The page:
In general, avoid unnecessary capitals. Use a capital letter only if you can justify it by one of the principles listed here.
Many words and phrases, including special cases, are listed separately in this book. Entries that are capitalized without further comment should be capitalized in all uses.
If there is no relevant listing in this book for a particular word or phrase, consult Webster’s New World College Dictionary. Use lowercase if the dictionary lists it as an acceptable form for the sense in which the word is being used.
As used in this book, capitalize means to use uppercase for the first letter of a word. If additional capital letters are needed, they are called for by an example or a phrase such as use all caps.
Some basic principles:
PROPER NOUNS: Capitalize nouns that constitute the unique identification for a specific person, place, or thing: John, Mary, America, Boston, England.
Some words, such as the examples just given, are always proper nouns. Some common nouns receive proper noun status when they are used as the name of a particular entity: General Electric, Gulf Oil.
PROPER NAMES: Capitalize common nouns such as party, river, street and westwhen they are an integral part of the full name for a person, place or thing: Democratic Party, Mississippi River, Fleet Street, West Virginia.
Lowercase these common nouns when they stand alone in subsequent references: the party, the river, the street.
Lowercase the common noun elements of names in plural uses: the Democratic and Republican parties, Main and State streets, lakes Erie and Ontario. Exception: plurals of formal titles with full names are capitalized: Presidents Jimmy Carter and Gerald R. Ford.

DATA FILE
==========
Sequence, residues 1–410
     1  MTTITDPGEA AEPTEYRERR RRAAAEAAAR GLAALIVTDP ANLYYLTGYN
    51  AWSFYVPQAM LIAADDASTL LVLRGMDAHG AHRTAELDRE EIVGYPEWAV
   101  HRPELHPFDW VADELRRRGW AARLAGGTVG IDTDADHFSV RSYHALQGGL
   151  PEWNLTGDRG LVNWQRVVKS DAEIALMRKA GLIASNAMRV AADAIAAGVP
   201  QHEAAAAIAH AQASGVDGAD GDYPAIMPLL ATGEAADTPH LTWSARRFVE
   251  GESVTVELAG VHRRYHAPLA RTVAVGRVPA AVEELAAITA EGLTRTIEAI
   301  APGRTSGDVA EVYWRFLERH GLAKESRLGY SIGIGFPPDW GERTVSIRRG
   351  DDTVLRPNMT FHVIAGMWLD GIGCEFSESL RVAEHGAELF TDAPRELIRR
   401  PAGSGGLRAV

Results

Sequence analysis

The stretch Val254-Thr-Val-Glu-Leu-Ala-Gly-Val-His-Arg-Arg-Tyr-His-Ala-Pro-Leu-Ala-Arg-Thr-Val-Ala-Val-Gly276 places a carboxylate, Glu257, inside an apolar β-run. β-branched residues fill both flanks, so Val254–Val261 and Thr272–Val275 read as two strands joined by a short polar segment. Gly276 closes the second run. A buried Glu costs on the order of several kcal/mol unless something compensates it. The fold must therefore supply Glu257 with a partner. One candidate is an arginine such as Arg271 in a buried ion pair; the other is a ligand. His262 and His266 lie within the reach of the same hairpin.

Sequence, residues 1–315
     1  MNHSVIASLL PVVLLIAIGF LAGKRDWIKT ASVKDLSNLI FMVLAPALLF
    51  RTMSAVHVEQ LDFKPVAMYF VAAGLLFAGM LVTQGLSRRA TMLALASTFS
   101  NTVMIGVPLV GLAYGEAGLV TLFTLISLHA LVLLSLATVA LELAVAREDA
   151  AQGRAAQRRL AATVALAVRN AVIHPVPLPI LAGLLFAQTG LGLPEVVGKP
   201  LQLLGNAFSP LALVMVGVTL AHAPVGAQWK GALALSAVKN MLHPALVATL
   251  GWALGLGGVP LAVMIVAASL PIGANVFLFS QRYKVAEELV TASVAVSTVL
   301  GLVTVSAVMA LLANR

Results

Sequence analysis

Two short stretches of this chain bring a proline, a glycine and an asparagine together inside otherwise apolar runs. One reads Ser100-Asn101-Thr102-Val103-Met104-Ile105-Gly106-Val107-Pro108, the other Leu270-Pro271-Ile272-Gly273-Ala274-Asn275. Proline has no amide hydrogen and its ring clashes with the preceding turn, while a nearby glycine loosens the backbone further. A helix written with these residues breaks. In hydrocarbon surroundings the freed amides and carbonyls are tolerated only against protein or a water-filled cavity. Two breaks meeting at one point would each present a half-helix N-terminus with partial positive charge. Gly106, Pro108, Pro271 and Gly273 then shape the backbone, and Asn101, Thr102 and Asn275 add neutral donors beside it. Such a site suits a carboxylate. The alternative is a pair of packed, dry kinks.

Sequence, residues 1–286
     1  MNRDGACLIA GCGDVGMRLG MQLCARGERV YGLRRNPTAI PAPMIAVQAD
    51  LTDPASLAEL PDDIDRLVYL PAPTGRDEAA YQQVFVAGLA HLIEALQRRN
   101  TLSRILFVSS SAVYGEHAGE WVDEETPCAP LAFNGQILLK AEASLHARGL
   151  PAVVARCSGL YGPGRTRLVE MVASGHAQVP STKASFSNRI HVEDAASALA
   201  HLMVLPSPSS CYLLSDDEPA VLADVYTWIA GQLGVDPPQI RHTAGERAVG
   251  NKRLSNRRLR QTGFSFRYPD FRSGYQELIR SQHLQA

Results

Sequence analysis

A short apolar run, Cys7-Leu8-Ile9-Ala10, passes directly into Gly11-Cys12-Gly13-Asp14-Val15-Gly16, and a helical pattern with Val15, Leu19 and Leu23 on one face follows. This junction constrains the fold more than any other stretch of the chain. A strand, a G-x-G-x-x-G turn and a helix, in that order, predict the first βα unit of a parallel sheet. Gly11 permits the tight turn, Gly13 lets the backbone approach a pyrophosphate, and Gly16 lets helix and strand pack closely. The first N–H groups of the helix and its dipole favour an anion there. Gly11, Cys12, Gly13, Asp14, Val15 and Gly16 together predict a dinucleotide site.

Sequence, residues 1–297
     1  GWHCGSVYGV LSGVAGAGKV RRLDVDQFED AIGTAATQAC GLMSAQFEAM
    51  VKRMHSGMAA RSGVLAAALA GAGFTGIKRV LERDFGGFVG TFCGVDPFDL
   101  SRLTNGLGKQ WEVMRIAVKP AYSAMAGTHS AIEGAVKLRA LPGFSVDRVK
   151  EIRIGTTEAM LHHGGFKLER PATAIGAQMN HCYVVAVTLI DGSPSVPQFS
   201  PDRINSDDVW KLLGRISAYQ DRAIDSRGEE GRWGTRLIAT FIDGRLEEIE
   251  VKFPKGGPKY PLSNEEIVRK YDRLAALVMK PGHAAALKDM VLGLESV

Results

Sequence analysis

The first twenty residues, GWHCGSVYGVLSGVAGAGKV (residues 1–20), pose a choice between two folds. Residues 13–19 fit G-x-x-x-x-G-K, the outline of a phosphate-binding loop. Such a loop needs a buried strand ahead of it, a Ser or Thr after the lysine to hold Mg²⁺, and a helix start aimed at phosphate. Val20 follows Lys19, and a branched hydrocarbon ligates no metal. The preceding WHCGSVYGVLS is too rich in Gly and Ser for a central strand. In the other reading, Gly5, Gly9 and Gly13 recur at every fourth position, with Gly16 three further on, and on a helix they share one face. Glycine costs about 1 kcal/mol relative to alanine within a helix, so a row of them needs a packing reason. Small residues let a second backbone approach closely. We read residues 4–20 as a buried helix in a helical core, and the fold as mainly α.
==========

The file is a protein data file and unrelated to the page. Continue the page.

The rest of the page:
Among entries that provide additional guidelines are:
POPULAR NAMES: Some places and events lack officially designated proper names but have popular names that are the effective equivalent: the Combat Zone (a section of downtown Boston), the Main Line (a group of Philadelphia suburbs), the South Side (of Chicago), the Badlands (of South Dakota), the Street (the financial community in the Wall Street area of New York).
The principle applies also to shortened versions of the proper names of one-of-a-kind events: the Series (for the World Series), the Derby (for the Kentucky Derby). This practice should not, however, be interpreted as a license to ignore the general practice of lowercasing the common noun elements of a name when they stand alone.
DERIVATIVES: Capitalize words that are derived from a proper noun and still depend on it for their meaning: American, Christian, Christianity, English, French, Marxism, Shakespearean.
Lowercase words that are derived from a proper noun but no longer depend on it for their meaning: french fries, herculean, malapropism, pasteurize, quixotic, venetian blind.
SENTENCES: Capitalize the first word in a statement that stands as a sentence. See sentences and parentheses.
In poetry, capital letters are used for the first words of some phrases that would not be capitalized in prose. See poetry.
COMPOSITIONS: Capitalize the principal words in the names of books, movies, plays, poems, operas, songs, radio and television programs, works of art, etc. See composition titles, magazine names and newspaper names.
TITLES: Capitalize formal titles when used immediately before a name. Lowercase formal titles when used alone or in constructions that set them off from a name by commas.
Use lowercase at all times for terms that are job descriptions rather than formal titles.
See academic titles, courtesy titles, legislative titles, military titles, nobility, religious titles and titles.
ABBREVIATIONS: Capital letters apply in some cases. See abbreviations and acronyms.